What Adolescents Need from their Parents
What do adolescents need from their parents that is different from what they needed as younger children? They actually continue to need the same loving care but in new ways that respect the growing autonomy of the adolescents. Central to the teenagers’ needs is the ability of their parents to listen to them carefully, respecting their ideas, points of view, feelings, opinions, and intentions. This requires nonjudgmental listening without interrupting or blaming the teen as they speak. When a teen feels heard, she feels respected and forms a good relationship with her parent.
How does a parent effectively listen to their teen?
It is imperative that the parent takes the time needed to have both casual and serious discussions with their teen. Beginning with casual discussions opens the door to conversations about more serious issues. Hanging out with your teen, visiting in the car, doing chores together, setting rules and boundaries together all allow the teen to feel convinced that their parent cares for them respectfully. Respect is key to having your adolescent want to talk with you often and openly.
Listening is an art. Parents who listen actively find they learn about what is on the minds of their teens that they didn’t know about. They learn their teen’s points of view, philosophies of life, feelings about their peers and other adults in their environment. If parents don’t interrupt their child’s words with their own points of view, they will find the teen is very open and willing to share their ideas and feelings with gratitude toward the listening parent.
- Do not interrupt with your own points of view even if they are diametrically opposed to your teen’s views. Make sure the teen is finished explaining their vantage point.
- Do not get distracted by your phone or other children’s needs when talking to your teen. Let them know this is their time with you.
- Extend the conversations by always asking your teen to tell you more details about their views before extending your opinions. Open ended statements like, “Please tell me more about that. I want to understand better” are very effective in helping the youngster elaborate on their thoughts.
- Ask your teen if they want to know your point of view before expressing it. They will appreciate the time you take to involve them in the decision to hear you out.
- If you want to inquire about your child’s behavior, be specific about the actions they are taking that you question. Remember not to be blameful and judgmental, just inquisitive. This is a good time to discuss if curfews are needed, Often teens feel very respected if they are told to make wise decisions on their own about when to come home in the evening.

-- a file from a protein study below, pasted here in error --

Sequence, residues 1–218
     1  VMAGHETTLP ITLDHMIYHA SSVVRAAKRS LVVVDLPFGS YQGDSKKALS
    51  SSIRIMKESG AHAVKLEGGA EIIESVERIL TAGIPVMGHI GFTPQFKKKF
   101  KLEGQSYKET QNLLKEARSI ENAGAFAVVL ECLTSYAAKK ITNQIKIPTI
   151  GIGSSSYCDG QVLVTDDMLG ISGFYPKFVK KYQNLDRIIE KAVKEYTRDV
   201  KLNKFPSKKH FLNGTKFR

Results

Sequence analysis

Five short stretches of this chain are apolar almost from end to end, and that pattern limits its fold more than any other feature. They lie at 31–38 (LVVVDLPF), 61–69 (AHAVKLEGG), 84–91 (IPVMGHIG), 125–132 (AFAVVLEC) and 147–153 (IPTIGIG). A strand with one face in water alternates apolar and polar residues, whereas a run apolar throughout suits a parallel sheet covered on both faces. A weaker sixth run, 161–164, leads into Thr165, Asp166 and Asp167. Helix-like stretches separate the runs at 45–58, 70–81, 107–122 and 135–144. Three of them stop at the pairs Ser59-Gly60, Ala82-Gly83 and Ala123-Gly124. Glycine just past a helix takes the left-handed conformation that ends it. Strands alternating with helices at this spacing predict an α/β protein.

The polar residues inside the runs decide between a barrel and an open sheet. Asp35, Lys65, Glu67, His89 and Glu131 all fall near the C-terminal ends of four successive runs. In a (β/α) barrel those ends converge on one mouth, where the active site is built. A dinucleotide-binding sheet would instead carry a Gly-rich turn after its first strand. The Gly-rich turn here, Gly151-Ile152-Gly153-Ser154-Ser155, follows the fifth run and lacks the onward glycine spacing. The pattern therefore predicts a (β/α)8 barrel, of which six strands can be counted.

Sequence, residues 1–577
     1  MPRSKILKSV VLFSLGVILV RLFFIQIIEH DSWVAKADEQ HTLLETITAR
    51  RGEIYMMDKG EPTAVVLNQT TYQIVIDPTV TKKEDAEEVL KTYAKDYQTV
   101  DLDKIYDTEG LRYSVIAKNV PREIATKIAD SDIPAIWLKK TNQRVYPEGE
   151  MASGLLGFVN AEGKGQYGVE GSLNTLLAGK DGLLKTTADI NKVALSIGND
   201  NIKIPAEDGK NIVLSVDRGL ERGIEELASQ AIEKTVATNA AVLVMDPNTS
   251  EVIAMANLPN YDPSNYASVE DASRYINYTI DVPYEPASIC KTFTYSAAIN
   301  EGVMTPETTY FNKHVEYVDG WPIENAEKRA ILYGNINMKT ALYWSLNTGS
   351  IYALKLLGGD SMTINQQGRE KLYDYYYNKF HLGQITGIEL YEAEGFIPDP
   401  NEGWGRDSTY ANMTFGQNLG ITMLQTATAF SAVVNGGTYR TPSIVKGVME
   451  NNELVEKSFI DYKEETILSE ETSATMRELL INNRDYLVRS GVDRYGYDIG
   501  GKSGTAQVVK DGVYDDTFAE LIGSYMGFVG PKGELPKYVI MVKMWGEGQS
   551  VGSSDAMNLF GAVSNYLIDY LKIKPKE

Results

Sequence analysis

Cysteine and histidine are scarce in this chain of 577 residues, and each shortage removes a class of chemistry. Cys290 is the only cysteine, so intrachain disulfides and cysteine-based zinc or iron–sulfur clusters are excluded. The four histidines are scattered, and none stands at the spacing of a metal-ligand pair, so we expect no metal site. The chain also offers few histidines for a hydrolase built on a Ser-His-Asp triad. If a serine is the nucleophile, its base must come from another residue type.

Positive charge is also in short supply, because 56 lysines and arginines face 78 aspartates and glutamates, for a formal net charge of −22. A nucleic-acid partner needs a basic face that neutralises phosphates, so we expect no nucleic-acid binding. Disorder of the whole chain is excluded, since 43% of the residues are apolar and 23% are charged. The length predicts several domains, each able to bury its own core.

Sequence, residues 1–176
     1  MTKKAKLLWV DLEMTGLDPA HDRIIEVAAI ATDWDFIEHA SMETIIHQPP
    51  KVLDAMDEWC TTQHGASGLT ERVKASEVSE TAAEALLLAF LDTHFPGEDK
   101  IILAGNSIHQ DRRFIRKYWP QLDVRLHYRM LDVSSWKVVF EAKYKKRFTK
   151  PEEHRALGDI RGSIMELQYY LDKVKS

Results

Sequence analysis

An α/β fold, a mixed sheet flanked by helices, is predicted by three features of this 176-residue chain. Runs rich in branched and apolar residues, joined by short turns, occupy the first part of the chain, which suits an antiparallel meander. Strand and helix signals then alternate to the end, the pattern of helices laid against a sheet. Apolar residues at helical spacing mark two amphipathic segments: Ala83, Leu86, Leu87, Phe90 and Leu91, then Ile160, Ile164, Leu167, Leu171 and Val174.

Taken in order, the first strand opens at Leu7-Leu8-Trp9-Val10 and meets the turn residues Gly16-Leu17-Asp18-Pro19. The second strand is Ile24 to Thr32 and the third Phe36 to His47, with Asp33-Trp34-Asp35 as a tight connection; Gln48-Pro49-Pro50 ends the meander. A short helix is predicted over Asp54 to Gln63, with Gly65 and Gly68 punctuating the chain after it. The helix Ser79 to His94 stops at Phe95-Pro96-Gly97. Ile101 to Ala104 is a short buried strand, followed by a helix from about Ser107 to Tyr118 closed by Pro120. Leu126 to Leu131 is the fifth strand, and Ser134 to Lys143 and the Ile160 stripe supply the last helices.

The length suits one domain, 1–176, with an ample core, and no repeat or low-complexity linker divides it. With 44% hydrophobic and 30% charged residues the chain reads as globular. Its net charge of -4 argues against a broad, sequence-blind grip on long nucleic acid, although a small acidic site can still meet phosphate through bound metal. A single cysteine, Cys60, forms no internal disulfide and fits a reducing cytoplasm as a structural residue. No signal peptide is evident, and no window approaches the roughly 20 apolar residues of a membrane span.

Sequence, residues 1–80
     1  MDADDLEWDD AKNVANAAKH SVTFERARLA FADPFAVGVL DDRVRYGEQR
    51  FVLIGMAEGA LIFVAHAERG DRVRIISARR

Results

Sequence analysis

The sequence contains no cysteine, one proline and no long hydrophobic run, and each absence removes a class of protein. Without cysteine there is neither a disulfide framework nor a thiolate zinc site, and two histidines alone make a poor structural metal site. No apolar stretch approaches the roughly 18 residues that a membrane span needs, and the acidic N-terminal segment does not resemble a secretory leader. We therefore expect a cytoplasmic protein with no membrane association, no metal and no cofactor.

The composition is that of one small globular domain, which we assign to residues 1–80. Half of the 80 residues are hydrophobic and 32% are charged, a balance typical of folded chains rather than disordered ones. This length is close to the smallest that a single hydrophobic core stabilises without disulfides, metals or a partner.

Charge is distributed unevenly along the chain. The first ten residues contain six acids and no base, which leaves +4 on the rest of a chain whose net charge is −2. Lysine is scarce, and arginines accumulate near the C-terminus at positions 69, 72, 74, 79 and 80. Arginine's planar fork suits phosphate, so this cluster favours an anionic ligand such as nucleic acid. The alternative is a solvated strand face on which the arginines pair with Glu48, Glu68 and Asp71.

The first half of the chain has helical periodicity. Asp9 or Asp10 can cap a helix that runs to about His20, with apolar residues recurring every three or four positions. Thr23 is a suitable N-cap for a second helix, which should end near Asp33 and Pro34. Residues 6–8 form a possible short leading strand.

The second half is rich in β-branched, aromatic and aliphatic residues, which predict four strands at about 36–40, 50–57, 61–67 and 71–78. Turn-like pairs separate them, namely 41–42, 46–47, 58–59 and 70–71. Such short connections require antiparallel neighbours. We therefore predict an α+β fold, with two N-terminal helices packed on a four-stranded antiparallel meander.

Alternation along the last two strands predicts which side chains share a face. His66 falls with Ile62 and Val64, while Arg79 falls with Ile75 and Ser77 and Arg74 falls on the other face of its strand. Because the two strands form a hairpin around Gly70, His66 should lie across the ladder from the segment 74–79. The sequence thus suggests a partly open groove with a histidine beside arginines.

- Praise your teen for thinking through their ideas. Let them know that you are aware that they are good judges of their actions and beliefs. Kids appreciate your acceptance of their positive intentions to cooperate with you and collaborate on rules.
How to Give Advice to a Teen
When you feel your teen needs advice about relationships, sex and drugs, emotional changes such as mood swings, ask them if they are open to you talking about these topics. If they are not, refrain and wait until they are more willing to open up to you. You can share your discomforts and feelings with your teens openly by expressing them forthrightly: “I feel concerned when you are in a lousy mood. Can we discuss that? I want to help.” By sticking to a question format, you will not be intrusive or undermine their privacy issues. Again, respect is key.
Problem Solving with Your Teen
Once communication is open, you can address what the teen and/or you view as problems in your relationship. Teens need to know you respect their boundaries and secrets that you should not be privy to. Ask if there are discomforts in the teen’s relationship with you that you can ease together. The teen will be most appreciative of your honesty and forthrightness in this regard.
If you have a specific problem in mind, spell it out honestly without judgment and ask your child how to solve it. Prioritize problems. Messy rooms aren’t important compared to getting a good night’s sleep. Discuss with your teen what problems they think need to be solved and collaborate together to find out their motivations and what will meet their needs and your own.
Relating to your teen is not as difficult as parent’s imagine. Kids who feel they can talk with their caring parents push back much less and rebel less often because they feel heard and understood. It needn’t be a turbulent time if communication is open and honest.